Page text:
Tuesday, November 14, 2006

Welcome to my life

Didn't think I'd make it today. I was just about to go to bed when the electricity finally came back.

Luckily, I'd already written my post using the battery on my laptop. Oh the lengths I go to for you, NaBloPoMo...


I’m working on a story right now that requires a visit to a certain hospital clinic here in Dakar. I want to meet some of the patients, to give a bit of a human face to what otherwise would be a dry health story.

After a bit of chasing, I finally got the cell phone number of the doctor in charge of the clinic. Cell phone number because no one is ever in their office and the art of returning phone calls is as rare as it is treasured.

So I called him.

I explained who I was, what I was doing, and that I hoped to visit his clinic.

And he politely explained that he was in Bamako (the capital of Mali, a neighboring country) for a conference but he’d be back on Friday.

“So I can come visit the clinic next week?” I asked.

“Of course. Call me next week and we’ll coordinate.”

And so I hung up, annoyed at being put off another week (this story has dragged on for weeks already), a bit mystified that his Senegalese cell phone worked in a different country, but on the whole fairly satisfied.

But after talking with Rose, we determined that the missing piece was the clinic and its patients, not that particular doctor, and surely even if he was in Bamako, the clinic was still in Dakar. So I determined to call him back and get a number or a name of the person running the clinic in his absence.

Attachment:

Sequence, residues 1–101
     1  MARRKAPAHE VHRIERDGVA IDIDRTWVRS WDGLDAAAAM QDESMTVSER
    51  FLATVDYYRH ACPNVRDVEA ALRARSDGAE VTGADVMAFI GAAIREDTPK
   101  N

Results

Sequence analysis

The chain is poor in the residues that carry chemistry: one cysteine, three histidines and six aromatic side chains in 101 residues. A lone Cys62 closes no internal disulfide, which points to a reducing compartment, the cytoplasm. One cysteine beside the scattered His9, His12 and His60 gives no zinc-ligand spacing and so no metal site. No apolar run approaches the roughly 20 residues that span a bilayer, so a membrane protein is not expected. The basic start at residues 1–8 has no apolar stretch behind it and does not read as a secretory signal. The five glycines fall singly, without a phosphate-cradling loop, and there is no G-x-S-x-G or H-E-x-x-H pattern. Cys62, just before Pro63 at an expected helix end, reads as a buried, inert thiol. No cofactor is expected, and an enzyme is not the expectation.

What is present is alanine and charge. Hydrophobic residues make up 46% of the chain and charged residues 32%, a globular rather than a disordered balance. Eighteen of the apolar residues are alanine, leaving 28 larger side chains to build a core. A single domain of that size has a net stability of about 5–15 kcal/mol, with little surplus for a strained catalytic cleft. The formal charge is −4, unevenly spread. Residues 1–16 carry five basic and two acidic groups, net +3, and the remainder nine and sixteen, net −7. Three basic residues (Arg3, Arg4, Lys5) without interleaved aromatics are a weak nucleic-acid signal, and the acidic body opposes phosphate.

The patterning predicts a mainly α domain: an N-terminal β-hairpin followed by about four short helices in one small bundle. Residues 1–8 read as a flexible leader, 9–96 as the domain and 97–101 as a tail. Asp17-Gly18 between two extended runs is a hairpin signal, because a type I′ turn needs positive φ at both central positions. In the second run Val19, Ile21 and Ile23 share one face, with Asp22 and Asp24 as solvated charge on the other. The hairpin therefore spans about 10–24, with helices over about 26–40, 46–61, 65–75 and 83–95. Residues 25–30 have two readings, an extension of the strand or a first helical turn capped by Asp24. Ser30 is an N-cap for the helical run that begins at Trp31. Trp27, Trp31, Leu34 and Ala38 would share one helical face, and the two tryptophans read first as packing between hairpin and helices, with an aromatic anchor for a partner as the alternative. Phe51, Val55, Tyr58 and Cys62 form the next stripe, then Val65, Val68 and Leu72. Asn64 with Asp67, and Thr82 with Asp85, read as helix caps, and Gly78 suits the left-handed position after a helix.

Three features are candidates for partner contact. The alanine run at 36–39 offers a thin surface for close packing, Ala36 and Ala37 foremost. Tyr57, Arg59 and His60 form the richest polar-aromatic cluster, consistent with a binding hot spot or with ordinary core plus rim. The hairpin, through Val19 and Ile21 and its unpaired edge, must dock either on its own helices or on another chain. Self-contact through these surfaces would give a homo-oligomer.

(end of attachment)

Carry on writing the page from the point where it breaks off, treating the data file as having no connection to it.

“Who are you?”
“What do you want?”

“We spoke yesterday. I’m a journalist. I know you’re out of town, but can you give me the name of someone who is in Dakar now?”

“I can’t hear a think you’re saying.”
“What do you want?”
“Call back in an hour.”

It wasn’t exactly, “I’m going through a tunnel, csdroushsldfafjoai… You’re crsshhhedlkjlckagoid up! I think caaoseiruadskjf cut off.”

But it was close.

So I called back in an hour.

“I’m in Bamako. I’m very busy. I can’t possibly help.”

“Yes, I know, but do you have the number of someone at the clinic in Dakar? Someone who’s there now.”

“Call this number.” And he rattled off the digits.

I dialed.

Charming Receptionist: [answers phone]

I explain who I am, what I’m doing. That the doctor gave me this number as he’s in Bamako this week.

CR: What do you mean? No he’s not. I just saw him this morning.
Me: [Mute surprise]

The conversation continues.
Me: But this is the Right Clinic, is it not?
CR: No this is the psychiatric clinic. I’ll give you the right number.

Liar. Big, fat, baffling liar.

So tomorrow, I’m going to just show up at the Right Clinic. At 8 am, as that’s when Friendly Receptionist at the Right Clinic says he’ll be there. Because he’s the only person I can speak to as, she claims, everyone else is away on a trip.

I predict wild, raging success. Cooperation, inspiration, and efficient productivity.

And I wonder why it takes me so long to get anything done.


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